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The reason is because red wheat lacks the structure, and as such so too would your cookies. This in turn would lead your cookies to spread flat, and since it's so thin, become hard. If you want to bake with milled hard red wheat, I would suggest mixing it with another flour that can structurally support your cookie. For example, wholemeal or plain flour.


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I have a friend who's fatally allergic to nuts (along with many other things), but she loves making chocolate chip cookies (and eats them). There must be a specific brand of chocolate chips that are nut-free, but it is good to watch out for that as well on the labels. I echo all the advice here from everyone else: ask your friend which exact ingredients he ...


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Step 1 should always be to ask which ingredients exactly you need to stay clear of, just in case it's more than nuts. My - possibly naïve - assumption would be that basic recipes that stick to flour, sugar, eggs, butter and possibly dairy should probably be ok. Chocolate could be dangerous as the factories often use nuts as well, so there is a risk of ...


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The fat, protein, calcium, water in the milk make the snack more nutritious and healthy without changing into another taste experience like, say, cookies and salad. Like the cookie, milk is still a sweet taste (lactose) and a rich experience (calories and fat). Combined they make a great snack or desert experience. It seems evolutionary to me that we would ...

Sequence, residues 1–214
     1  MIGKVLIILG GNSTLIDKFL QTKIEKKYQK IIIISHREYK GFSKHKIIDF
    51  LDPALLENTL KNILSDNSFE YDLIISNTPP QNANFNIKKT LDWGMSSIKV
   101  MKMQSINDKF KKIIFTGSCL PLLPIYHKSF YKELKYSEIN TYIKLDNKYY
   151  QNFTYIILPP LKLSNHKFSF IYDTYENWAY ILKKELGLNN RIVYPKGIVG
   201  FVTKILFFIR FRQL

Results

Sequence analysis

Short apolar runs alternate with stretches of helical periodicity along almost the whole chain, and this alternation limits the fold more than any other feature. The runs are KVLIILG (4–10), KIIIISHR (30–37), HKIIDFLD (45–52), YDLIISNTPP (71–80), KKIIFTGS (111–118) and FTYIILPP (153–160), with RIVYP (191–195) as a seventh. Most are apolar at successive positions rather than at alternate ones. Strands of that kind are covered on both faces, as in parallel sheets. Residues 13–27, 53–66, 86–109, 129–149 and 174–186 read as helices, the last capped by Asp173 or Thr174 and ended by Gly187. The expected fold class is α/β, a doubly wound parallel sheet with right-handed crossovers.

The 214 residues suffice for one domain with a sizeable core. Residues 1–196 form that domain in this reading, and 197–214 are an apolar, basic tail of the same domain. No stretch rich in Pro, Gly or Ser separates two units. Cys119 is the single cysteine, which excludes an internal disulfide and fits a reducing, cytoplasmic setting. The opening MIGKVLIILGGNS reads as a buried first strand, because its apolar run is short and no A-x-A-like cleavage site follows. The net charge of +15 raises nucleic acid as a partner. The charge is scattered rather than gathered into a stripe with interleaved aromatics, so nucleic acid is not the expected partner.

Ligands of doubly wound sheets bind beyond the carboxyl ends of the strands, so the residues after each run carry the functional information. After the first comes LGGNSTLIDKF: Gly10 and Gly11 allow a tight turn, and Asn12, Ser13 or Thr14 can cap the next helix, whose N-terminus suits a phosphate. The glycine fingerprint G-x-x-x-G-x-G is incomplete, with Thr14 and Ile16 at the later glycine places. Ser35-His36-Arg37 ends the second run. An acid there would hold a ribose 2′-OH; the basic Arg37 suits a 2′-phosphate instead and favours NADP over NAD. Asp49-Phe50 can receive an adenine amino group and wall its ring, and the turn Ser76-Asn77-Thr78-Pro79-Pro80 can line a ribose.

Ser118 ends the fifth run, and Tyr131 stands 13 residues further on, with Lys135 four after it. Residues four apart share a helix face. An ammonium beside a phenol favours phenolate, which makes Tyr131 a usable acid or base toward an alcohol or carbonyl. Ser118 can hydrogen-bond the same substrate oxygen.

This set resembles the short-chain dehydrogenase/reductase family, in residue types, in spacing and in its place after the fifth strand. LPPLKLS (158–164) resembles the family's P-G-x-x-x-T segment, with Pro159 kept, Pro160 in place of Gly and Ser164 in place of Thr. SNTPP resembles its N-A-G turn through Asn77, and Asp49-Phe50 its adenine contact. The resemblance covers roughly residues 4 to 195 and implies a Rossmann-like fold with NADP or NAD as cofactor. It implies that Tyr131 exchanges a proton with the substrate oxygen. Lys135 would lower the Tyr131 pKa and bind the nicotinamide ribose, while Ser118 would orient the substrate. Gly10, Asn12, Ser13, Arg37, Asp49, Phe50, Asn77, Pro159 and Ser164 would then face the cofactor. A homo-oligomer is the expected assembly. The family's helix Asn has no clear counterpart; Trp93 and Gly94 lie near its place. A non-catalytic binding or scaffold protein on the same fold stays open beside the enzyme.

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Unless you are salting (or sugaring) your cabbage first then draining and patting dry, baking will release more liquid than the egg whites can bind. Recipe could use something absorbent


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sometimes i'll replace 1/2 the butter in my cookies with peanutbutter and will cut the sugar a little. they still turn out pretty well. replacing all the butter would be bad, but some of it won't make much of a difference.



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